PGA Cache Hit Percentage

This week and next week I am participating in an Oracle Architecture and Internals training at Trivadis in Berne. Today, we received an overview of Oracle (Editions, Licensing, Support) and took a first look into the Oracle Architecture. This first chunk of information included Parameters, Memory and Process Structures. While looking at the PGA structures, I noticed a graph showing “PGA Cache Hit Percentage” in relation to the sizing of the PGA.

The term “PGA Cache Hit Percentage” does not make sense, since there is no cache in the PGA. According to my training material, the PGA consists of the following structures:

  • User Global Area (UGA)
  • Stack Space
  • User Session Status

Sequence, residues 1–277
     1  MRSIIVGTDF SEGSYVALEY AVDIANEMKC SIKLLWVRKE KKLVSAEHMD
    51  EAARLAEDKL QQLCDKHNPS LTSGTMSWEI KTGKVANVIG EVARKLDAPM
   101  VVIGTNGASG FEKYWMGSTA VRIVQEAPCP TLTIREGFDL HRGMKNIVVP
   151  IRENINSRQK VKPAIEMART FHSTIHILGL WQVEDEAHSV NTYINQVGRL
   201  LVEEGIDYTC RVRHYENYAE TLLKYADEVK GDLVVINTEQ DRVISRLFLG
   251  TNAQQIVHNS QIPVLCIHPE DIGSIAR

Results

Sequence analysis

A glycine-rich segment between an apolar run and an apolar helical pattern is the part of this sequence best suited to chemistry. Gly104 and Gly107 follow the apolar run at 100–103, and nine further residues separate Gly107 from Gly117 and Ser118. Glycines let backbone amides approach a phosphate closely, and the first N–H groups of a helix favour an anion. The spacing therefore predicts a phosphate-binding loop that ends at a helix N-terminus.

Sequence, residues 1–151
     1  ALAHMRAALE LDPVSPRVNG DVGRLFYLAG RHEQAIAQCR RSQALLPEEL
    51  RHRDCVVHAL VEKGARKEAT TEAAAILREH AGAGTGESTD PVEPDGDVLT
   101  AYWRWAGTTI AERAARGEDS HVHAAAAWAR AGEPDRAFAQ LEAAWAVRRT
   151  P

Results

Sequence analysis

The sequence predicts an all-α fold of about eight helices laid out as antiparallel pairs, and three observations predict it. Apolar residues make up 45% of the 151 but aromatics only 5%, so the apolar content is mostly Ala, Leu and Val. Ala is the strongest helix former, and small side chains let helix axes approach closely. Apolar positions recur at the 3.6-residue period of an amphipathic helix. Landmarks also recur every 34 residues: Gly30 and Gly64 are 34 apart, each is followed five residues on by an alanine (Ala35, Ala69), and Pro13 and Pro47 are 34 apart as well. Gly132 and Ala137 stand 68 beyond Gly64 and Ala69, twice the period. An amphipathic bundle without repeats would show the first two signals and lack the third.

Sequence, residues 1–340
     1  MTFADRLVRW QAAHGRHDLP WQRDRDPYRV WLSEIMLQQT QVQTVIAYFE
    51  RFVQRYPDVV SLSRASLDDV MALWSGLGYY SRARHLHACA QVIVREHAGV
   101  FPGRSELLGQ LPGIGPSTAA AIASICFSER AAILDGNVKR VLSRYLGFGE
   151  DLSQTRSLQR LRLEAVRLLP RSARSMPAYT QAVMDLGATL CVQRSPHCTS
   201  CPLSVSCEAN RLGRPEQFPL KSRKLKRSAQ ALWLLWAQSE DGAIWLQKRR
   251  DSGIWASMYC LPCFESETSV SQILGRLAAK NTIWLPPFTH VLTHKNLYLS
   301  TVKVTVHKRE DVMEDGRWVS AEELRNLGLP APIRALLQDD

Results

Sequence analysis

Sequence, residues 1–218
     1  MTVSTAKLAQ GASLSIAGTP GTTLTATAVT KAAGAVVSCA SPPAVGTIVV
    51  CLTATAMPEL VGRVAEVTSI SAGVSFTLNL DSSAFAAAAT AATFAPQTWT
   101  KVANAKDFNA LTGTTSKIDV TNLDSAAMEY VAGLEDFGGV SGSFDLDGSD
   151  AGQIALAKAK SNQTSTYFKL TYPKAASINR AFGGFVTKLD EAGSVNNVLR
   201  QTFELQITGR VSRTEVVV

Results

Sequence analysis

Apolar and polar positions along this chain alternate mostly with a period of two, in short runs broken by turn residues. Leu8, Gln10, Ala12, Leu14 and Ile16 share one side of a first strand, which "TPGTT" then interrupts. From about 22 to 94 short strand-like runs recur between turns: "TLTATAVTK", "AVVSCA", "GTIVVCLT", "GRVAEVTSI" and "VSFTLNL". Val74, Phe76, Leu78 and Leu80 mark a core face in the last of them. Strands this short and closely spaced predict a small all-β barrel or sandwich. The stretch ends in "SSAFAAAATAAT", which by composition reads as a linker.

• Cursor Status
  • Sort Area

It can be noted that the Sort Area is definitely the most important structure in an average database environment. But there is still no cache. In the SGA we have the Database Buffer Cache and various areas in the Shared Pool. So we can calculate the buffer pool hit ratio with the following query (Source):


It turns out that the “PGA Cache Hit %” is the percentage of one-pass sorts that could be done in memory. So if your PGA is appropriately sized, most sorts can be done one-pass in memory and do not require multiple passes.
Please let me know if I got this wrong or missed something.

Hello world

My name is Simon Krenger, I am a Technical Account Manager (TAM) at Red Hat. I advise our customers in using Kubernetes, Containers, Linux and Open Source.


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